Combine Detroit’s existing and growing credibility for its creative bandwidth and it’s a recipe for business investment -- and explains the positive response from visitors, business travelers and “ex-pats” (former Detroiters) who make their way back home.  

Detroit’s eclectic makeup of creative types, and the “comeback city” narrative, are among the reasons renowned fashion designer Tracy Reese recently moved back home, declaring “This all can’t be happening without me,” in this enlightening New York Times piece.

Financial firms. Fashion boutiques. Fast-casual dining. Dive bars. Detroit is a mix of all those things. Detroit is where entrepreneurs mix with corporate and foundation types, where architects, engineers, social media mavens and financial executives co-mingle.  Detroit is where thoughtfully designed and people-centered spaces and experiences are increasingly the norm, not the exception. What’s more, REDICO’s signature office properties, 150 West Jefferson and One Kennedy Square, are in the center of the action, flanking the financial district and Campus Martius Park, respectively.  

Hoover & Greene: Ann Arbor’s New Hub for Healthy & Social Living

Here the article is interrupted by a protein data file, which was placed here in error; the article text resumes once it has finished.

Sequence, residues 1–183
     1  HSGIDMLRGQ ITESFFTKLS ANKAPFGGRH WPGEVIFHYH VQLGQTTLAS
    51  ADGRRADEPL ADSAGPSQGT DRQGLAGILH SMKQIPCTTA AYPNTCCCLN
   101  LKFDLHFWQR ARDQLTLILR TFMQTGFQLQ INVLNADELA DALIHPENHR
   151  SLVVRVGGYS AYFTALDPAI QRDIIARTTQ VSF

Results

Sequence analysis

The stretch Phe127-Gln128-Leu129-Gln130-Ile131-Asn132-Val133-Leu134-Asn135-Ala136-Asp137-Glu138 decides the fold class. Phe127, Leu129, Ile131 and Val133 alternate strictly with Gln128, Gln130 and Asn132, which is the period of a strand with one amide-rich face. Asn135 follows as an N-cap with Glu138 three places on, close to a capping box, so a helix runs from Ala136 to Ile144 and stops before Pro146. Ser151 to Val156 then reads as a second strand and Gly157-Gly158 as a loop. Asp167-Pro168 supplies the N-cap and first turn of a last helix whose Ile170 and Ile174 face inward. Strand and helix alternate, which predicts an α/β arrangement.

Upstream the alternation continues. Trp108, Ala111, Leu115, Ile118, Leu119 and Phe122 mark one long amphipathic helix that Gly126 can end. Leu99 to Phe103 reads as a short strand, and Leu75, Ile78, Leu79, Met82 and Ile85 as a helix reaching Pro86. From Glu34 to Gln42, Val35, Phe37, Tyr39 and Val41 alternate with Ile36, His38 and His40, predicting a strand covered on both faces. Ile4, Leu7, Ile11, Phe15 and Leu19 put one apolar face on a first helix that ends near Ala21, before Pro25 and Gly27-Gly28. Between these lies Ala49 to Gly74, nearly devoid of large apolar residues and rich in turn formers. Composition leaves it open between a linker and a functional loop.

Landing Page Copy: Construction is well underway on a 167-unit innovative multifamily community development in Ann Arbor, Hoover & Greene, which will be geared toward healthy lifestyles and social programming.

REDICO broke ground on the development during the summer, and the apartment community is expected to open by spring 2021.

Unique design and service features include a demonstration kitchen, a courtyard available for activities like yoga, flexible space for residents who are remote workers to use, an outdoor entertainment area including barbeque stations, and more.

Southfield, Mich.-based Village Green will manage the property. Chicago-based Myefski Architects is the architect. The apartments will range from 500-square-foot studio-size units up to 1,100-square-foot two-bedroom units.

“We are excited to offer this unique multifamily product, which as the added convenience of a stellar location with easy access to the freeway system,” said Samantha Eckhout, senior vice president of development. “Hoover & Greene will have thoughtful amenities and services, and with the proximity to the University of Michigan Health System and University of Michigan, the development is already creating a buzz in the market.”